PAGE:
“Why is he splitting them up?”
“Why are they so long?”
“Why must he take something we love and ruin it?”
No these are not reviews for The Hobbit: An Unexpected Journey. They were the assumed reaction of the tens of people who read Part 1 of my 2012 wrap up; where I dissected the year of Channing Tatum, had two Lincolns square off, and looked at one of the two live action Snow White adaptations. Part 2 will start with…
2 Films, 20 Dwarfs
Snow White and the Huntsman featured Chris Hemsworth as a hunter whose prey is apparently trees since his weapon of choice is an axe, and Kristen Stewart as a Snow White who went to the distinguished school of parted lip acting. There’s a love triangle that nobody cares about – and I’m not talking about director Rupert Sanders, K. Stew, and R. Patt – and Charlize Theron acting with as much subtly as a nuclear explosion. The dwarfs were entertaining but tragically underused.
The Hobbit: An Unexpected Journey was what I expected. It’s similar to The Lord of the Rings trilogy in a lot of ways but is not as good as any of them. Where we came to know and love every character in that series we only really get to know Bilbo, Gandalf, and Thorin in this. Meanwhile there are a mess of other dwarfs that are only distinguishable by variations of hair above the neck, and sometimes that doesn’t even do enough to make them stand out. Did it need to be a trilogy? No. Is the book being dragged through the mud? More like dropped in a puddle before quickly being grabbed and dried off quickly. As long as fans of The Lord of the Rings series don’t go into it expecting it to be world shattering they should enjoy themselves. I should mention I didn’t see it in 48fps but I heard mostly negative things about it.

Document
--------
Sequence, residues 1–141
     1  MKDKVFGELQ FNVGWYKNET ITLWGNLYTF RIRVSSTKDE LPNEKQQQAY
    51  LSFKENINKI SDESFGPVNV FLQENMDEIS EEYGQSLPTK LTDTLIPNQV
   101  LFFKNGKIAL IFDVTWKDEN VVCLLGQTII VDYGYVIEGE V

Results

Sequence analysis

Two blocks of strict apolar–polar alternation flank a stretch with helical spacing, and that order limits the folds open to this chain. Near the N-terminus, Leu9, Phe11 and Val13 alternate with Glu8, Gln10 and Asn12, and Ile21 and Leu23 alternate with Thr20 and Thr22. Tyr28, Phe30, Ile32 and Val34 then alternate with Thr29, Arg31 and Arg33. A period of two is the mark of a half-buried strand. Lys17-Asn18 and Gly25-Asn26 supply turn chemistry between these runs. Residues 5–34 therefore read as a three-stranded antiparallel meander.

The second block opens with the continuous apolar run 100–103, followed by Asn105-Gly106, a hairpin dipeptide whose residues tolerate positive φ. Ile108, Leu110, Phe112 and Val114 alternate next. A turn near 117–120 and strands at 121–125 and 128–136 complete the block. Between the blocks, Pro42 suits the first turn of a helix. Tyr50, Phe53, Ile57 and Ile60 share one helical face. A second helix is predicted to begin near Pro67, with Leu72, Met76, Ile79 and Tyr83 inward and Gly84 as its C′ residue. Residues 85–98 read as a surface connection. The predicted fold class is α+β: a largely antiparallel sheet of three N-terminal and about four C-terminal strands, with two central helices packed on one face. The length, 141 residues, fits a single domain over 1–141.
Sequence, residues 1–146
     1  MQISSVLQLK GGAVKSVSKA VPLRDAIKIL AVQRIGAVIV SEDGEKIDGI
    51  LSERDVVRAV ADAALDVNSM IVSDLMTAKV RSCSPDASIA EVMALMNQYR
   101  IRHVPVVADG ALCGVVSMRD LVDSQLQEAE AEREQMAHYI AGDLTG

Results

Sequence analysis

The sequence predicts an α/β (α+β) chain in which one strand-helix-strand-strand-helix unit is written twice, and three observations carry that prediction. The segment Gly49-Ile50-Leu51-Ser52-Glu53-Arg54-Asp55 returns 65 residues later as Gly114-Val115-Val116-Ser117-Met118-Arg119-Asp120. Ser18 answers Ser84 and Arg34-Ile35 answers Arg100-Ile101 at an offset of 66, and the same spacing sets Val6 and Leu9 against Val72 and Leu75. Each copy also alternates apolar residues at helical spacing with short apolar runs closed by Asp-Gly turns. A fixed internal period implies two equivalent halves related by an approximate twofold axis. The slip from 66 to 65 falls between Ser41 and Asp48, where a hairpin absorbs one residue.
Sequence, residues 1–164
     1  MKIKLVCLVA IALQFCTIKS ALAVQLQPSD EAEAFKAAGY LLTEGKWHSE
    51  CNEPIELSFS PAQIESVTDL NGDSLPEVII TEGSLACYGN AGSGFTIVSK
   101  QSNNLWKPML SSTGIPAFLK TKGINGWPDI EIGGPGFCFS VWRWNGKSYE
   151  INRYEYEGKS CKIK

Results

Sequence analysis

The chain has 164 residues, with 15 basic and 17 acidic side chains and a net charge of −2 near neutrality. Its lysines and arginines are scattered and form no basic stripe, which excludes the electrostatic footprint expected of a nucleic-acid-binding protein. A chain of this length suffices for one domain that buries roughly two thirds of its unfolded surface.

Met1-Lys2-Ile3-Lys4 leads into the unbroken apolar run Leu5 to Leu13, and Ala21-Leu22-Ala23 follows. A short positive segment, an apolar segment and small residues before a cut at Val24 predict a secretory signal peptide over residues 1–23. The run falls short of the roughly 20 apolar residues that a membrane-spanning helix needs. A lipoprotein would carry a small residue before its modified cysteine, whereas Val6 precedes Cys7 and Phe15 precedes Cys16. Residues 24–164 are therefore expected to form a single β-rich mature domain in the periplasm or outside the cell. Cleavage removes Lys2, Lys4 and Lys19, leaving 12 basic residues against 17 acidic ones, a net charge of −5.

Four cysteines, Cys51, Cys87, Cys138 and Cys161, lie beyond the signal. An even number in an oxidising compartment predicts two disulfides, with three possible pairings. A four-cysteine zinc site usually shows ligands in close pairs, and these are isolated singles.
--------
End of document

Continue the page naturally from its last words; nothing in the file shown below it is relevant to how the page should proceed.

And the Winner Is: The Hobbit: An Unexpected Journey - even though Peter Jackson obviously thinks “dues ex machina” is Latin for giant eagles.
Though Michael G. Wilson wants Daniel Craig to set the record for most appearances as James Bond, as of right now the two most prolific actors to inhabit the role are Sean Connery and Roger Moore. Connery starred in the first five Bond movies for Eon from 1962 through 1967, then returning in 1971 for Diamonds Are Forever. Twelve years later, he starred in and co-produced the non-canonical remake of Thunderball, Never Say Never Again, in 1983. He also later reprised the role for EA Games’ video game version of From Russia with Love in 2004, but for all intents and purposes, Diamonds Are Forever was his official farewell. Moore starred in seven official movies for Eon, taking over from Connery in 1973’s Live and Let Die through 1985’s A View to a Kill. In this Reel Rumbles, we take a look at their respective official Eon swan songs.
What makes Diamonds Are Forever an interesting film is that it’s removed from the storytelling aesthetics of the Connery era. Many fans tease that, despite starring Connery, it was really the first of the Moore era, with its emphasis on stunt pieces and Bond as more of a superhero than a spy. At one point, Bond passes off his own Playboy Diner’s Club card to a felled adversary in order to maintain his cover. Tiffany Case freaks out, clearly knowing who James Bond is. That kind of global reputation would not be appropriate for a real spy, but that’s part of the Moore era conceits. In this manner, then, this Reel Rumbles is as much about the beginning and ending of an era as it is about contrasting the final bows from Connery and Moore. Read the rest of this entry »
Indiana Jones, meet Jules Winnfield. One of them fights Nazis. The other takes out the garbage for kingpin Marsellus Wallace. One of them cracks a whip, while the other is known for his quips. Both fire pistols, and both are in some strange way the chosen ones of a higher power. Rough around the edges and not above killing a few bad guys, Indiana and Jules represent the stars of this week’s Reel Rumbles match-up: Pulp Fiction vs. Raiders of the Lost Ark.